AWS Contact Center

Analyzing Amazon Connect usage with agent desktop and streaming data

As customer engagement expectations become increasingly advanced, contact center managers find themselves in need of granular visibility of their contact center usage. For example, customers seek to understand usage patterns by agent, business division, caller intent, routing queue, or customer segment. Amazon Connect provides a real-time performance dashboard so that you can monitor the overall health of your contact center. For customers looking for deeper insights, there are additional data sources that can be enabled in Amazon Connect as demonstrated in this post.

This post provides a walk-through of the features, functionality, and steps to deploy a AWS CloudFormation template to log, capture, and store detailed metrics from a comprehensive set of data sources. These data sources include contact trace records, agent events, chat transcripts, and the agent-facing Amazon Connect Contact Control Panel (CCP). With these datasets, you can create customized detailed reports to understand and forecast the usage of Amazon Connect better.

The reporting use-cases covered by this solution include the following:

  1. Customers who want to understand call length, agent status changes, and customer routing across multiple call flows.
  2. Customers who require detailed reports based on custom attributes defined in the contact flow. For example, you can create reports about customer intent, request fulfillment, or the extent where a customer reached in a contact flow.
  3. Agents who utilize the transfer voice call functionality and require the ability to trace the call from the original two-way communication through multiple connections.  This includes forwarding calls to desk-phones, transferring calls to other agents, merger of two calls, or temporary consultative calls while the customer is on hold.
  4. Customers who require a breakdown of the exact number of messages sent by the agent and customer throughout chat conversations for analytics purposes. This includes messages sent by an individual or a chatbot.

Solution overview

The artifacts deployed through this blog contain a set of serverless components deployed through CloudFormation. There are four nested CloudFormation stacks that can be independently deployed, enabling three different mechanisms to track metrics across agents, contacts, and connections to provide comprehensive usage analysis.

Front-end stack: This stack deploys a custom browser-based Amazon Connect Contact Control Panel (CCP) to capture usage telemetry data from the agent’s client side. This CCP collects granular metrics from the Connect service using the Amazon Connect Streams JavaScript library.  It’s worth noting that some of these generated metrics are new and not included in the Amazon Connect libraries.

  • The stack code can be downloaded from our GitHub repository and integrated with existing custom CCPs.
  • This component provides a best effort attempt to capture client-side data to supplement the data available through Amazon Connect’s data streaming options.
  • The front-end component uses a custom CCP wrapper, which runs locally on the agent’s machine and retrieve metrics on agent state, current contacts, and each connection within the contact.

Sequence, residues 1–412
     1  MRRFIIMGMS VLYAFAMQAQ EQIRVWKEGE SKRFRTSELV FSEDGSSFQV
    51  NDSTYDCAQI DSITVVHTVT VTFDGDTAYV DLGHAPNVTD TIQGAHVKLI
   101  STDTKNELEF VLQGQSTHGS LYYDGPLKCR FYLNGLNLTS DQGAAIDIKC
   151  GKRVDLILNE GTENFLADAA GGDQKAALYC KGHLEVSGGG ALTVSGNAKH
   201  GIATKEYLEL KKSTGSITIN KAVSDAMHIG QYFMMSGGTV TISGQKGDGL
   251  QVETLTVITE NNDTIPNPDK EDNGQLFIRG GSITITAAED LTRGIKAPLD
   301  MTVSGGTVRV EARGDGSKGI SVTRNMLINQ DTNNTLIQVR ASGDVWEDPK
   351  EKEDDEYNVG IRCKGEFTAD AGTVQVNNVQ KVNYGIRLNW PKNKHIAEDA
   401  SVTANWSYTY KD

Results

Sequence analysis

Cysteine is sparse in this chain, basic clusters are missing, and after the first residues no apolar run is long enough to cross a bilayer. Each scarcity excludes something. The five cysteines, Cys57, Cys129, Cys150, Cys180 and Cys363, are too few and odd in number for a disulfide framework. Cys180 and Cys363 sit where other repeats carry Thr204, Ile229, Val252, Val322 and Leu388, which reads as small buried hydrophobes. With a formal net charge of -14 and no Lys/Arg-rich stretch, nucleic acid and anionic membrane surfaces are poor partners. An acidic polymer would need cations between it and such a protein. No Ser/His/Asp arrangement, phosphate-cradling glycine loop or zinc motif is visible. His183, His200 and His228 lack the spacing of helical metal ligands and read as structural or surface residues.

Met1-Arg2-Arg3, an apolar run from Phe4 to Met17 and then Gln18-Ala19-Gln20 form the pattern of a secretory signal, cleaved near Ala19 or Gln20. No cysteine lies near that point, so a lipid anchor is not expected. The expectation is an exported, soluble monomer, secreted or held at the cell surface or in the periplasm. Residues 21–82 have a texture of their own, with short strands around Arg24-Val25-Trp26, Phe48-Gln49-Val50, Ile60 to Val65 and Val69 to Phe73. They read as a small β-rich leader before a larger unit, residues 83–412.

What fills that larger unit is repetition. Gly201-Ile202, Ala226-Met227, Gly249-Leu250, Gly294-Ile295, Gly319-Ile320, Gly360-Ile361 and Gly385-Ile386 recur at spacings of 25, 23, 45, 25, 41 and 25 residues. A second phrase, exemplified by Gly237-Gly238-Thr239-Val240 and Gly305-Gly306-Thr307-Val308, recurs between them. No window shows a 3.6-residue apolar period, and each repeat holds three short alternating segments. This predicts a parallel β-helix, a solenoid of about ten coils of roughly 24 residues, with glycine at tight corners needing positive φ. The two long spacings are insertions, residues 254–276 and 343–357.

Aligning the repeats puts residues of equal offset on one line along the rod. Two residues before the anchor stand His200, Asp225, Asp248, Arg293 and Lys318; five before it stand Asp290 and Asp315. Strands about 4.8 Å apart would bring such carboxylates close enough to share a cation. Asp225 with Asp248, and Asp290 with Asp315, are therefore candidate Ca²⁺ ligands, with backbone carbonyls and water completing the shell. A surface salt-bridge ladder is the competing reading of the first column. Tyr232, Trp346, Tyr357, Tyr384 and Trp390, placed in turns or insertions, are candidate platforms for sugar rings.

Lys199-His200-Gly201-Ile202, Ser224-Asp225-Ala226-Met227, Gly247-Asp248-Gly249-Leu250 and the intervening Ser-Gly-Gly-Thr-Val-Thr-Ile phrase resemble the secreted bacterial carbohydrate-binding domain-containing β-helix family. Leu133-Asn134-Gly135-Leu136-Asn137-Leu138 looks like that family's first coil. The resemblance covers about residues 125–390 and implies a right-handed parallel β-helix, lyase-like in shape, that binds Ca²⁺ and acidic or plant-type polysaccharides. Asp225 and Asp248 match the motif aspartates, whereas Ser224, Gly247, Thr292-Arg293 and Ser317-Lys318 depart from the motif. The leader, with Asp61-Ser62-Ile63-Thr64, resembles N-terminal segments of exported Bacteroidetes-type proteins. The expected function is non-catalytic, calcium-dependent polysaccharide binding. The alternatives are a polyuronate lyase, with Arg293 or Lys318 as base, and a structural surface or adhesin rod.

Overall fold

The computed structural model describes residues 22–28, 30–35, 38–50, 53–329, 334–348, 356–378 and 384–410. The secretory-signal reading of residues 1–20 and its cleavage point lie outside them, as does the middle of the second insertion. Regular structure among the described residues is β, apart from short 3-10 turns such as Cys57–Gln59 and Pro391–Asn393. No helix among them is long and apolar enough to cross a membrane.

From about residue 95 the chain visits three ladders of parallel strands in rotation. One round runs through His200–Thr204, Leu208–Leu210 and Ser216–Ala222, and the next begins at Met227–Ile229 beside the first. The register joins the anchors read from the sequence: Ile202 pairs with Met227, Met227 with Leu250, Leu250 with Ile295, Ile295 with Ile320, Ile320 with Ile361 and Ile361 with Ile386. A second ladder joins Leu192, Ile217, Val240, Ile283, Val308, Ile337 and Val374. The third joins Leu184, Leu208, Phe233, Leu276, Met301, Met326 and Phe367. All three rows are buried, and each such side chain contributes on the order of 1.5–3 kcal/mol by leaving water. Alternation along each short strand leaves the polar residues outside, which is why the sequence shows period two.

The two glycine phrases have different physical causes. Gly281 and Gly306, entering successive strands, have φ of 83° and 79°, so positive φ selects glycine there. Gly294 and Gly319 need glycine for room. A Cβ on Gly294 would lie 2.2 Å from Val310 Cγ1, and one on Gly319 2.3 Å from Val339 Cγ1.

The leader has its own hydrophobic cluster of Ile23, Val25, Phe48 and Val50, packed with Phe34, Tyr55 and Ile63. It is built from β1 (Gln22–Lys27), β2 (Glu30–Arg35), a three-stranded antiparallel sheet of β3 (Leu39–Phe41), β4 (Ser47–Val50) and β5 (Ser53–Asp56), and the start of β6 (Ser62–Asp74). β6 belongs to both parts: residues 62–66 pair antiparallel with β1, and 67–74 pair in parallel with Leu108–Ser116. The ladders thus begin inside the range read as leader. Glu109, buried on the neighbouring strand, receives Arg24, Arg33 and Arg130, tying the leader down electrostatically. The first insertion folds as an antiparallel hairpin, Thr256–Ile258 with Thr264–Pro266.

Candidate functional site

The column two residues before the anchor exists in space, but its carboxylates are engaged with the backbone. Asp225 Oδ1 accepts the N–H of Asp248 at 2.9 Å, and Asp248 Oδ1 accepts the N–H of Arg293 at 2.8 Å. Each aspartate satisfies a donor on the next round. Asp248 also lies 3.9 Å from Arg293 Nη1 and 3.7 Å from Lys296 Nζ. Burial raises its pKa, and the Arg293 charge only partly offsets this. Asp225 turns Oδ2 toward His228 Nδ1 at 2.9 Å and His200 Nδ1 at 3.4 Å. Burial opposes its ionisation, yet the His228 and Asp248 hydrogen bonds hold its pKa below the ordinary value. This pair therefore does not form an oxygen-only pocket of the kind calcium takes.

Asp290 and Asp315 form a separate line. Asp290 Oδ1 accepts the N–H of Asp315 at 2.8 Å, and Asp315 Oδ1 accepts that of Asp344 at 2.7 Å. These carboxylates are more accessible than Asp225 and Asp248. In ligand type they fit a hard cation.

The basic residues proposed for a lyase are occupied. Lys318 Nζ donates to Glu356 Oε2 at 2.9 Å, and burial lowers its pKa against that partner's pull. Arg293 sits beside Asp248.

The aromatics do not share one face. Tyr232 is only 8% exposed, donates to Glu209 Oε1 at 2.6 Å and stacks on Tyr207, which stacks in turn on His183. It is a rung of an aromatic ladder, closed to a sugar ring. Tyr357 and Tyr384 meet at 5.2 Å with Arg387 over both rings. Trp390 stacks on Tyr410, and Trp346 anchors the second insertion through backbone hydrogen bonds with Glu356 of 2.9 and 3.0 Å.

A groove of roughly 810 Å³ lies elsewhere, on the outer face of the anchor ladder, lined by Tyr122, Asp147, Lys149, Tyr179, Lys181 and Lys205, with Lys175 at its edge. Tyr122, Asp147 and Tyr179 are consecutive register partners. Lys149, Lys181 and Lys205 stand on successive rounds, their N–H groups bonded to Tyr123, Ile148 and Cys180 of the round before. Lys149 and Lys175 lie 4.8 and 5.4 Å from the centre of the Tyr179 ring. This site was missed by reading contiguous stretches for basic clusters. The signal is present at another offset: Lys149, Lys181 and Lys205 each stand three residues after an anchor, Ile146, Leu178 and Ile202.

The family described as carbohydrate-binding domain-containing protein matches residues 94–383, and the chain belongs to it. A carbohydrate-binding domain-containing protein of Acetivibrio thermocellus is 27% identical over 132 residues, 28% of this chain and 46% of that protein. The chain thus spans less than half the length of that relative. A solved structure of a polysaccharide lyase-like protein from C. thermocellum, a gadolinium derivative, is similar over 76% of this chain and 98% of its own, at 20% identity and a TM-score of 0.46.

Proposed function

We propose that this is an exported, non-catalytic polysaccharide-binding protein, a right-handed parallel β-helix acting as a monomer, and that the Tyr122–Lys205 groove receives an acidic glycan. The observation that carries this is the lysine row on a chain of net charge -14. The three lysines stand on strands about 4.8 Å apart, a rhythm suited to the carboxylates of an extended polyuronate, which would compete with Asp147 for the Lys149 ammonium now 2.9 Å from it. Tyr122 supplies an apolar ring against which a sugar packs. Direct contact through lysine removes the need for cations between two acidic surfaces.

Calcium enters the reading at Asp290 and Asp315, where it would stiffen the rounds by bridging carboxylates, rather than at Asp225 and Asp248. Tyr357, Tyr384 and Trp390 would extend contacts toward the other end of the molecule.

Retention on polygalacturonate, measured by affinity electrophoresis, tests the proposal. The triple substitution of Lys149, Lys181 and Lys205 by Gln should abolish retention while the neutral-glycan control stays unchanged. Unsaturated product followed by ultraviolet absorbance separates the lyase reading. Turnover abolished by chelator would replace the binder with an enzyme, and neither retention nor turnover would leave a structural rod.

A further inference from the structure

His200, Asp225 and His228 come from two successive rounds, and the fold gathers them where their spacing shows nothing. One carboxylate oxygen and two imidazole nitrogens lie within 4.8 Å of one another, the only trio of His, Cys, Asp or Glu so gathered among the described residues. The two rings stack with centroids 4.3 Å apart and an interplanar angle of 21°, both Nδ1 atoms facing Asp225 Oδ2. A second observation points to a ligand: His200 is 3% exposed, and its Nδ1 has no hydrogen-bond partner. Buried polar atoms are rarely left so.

• Data is submitted in 5-minute intervals by default. It is processed by the Amazon API Gateway and Amazon Kinesis Stream before being made available for reports. This submission frequency can be modified in the provided JavaScript files.

Backend stack: This stack deploys Amazon Kinesis Data Streams and Amazon Kinesis Data Firehose. It uses the native integration of Amazon Connect and Amazon Kinesis to upload the Contact Trace Records (CTR) to Amazon Simple Storage Service (Amazon S3) bucket in near-real-time. Note that Usage of the data processed in this fashion is intended for analytics use-cases than real time or in-call streaming usage.

Chat stack: This stack deploys serverless components to track the usage of Amazon Connect chat by counting the number of messages in the transcripts. In order to use this feature, chat transcript logging to Amazon S3 must be enabled.

In addition, the solution deploys Apache Hive schema queries to enable Amazon Athena to scan, query, and aggregate data in the S3 bucket.  Additionally, we have provided an optional set-up guide to visualize your data with Amazon QuickSight within our Github project. Other business intelligence tools may also be used with Athena through the ODBC/JDBC drivers. We use Athena to combine the various data sources to correlate information across contacts, chats, and voice connections and allow the customers to add their own logic for use-case specific reporting.


To get started, launch the CloudFormation template below to the region your Amazon Connect instance is deployed.


For this walkthrough, you should have the following prerequisites:

  • An AWS account
  • Access to the following services:
    • Amazon Connect
    • Amazon CloudFront
    • Amazon Kinesis Streams
    • Amazon Kinesis Data Firehose
      Amazon Simple Storage Service (Amazon S3)
    • Amazon Athena / Glue Data Catalog
    • AWS Lambda
  • Knowledge of SQL
  • Amazon Athena is based on HiveQL for DDL and Presto 0.172 and Presto 0.217 for DML

Deployment steps

The deployment requires the following parameters:

Front-end stack parameters:

  • EnableFrontendStack: <required>
    Set this to true (default value) to deploy front-end related artifacts.
  • ConnectionDataBucket: <required>
    Name of the Amazon S3 bucket, which will be the destination of the call connection records delivered by Kinesis Data Firehose. You can create a new bucket manually or use an existing bucket.

    • For example, connect-57c490306eec
  • CcpUrl: <required>
    HTTPS URL of your Amazon Connect CCP.

    • For example,
  • SamlUrl: <optional>
    SAML login URL for your instance. Leave empty if you aren’t using SAML.

    • For example,

Backend stack parameters

  • storageDestinationS3: <required>
    Name of the storage bucket for saving agent events, contact trace records, and logs. This can be the same bucket as you used in the FrontEndStack parameters or any other existing bucket.

    • For example, connect-57c490306eec

Chat usage stack parameters

  • EnableChatUsageStack: <required>
    Set this to true (default value) to deploy chat usage-related artifacts
  • ConnectChatTranscriptBucket: <required>
    Amazon S3 bucket that stores the Amazon Connect chat transcripts. This can be the same bucket as used in the prior two steps.

    • For example, connect-57c490306eec
  • TranscriptBucketPrefix
    Prefix for the Amazon S3 bucket that contains the transcript. You will find the name of this bucket in your Data Storage configuration within the AWS Management Console, under the Connect Service and instance you are looking to monitor.